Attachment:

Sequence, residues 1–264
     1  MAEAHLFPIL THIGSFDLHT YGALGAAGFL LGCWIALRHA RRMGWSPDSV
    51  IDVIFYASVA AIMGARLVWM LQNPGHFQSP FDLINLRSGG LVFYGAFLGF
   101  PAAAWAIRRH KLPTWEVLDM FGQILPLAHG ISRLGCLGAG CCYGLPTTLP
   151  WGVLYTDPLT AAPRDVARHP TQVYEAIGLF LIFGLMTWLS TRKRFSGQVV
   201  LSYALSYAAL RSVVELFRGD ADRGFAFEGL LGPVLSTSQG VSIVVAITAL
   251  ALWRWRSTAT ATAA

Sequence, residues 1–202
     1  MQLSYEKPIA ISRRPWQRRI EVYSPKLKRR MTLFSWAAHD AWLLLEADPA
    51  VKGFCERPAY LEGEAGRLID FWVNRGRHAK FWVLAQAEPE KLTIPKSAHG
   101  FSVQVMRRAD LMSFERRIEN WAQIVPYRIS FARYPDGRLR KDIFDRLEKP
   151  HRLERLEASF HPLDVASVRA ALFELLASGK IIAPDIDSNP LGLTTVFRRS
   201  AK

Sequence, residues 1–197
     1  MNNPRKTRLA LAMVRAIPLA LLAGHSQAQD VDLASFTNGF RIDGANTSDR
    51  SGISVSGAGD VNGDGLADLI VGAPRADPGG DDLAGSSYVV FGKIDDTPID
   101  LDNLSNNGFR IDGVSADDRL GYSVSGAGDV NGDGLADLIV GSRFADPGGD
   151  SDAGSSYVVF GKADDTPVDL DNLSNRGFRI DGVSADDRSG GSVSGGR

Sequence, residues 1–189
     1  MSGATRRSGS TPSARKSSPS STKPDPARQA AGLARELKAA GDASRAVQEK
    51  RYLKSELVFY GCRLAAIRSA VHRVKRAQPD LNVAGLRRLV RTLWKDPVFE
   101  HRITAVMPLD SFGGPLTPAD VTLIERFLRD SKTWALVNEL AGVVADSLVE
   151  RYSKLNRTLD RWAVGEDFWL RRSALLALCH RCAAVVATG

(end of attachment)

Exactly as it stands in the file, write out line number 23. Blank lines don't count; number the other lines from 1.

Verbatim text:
   151  RYSKLNRTLD RWAVGEDFWL RRSALLALCH RCAAVVATG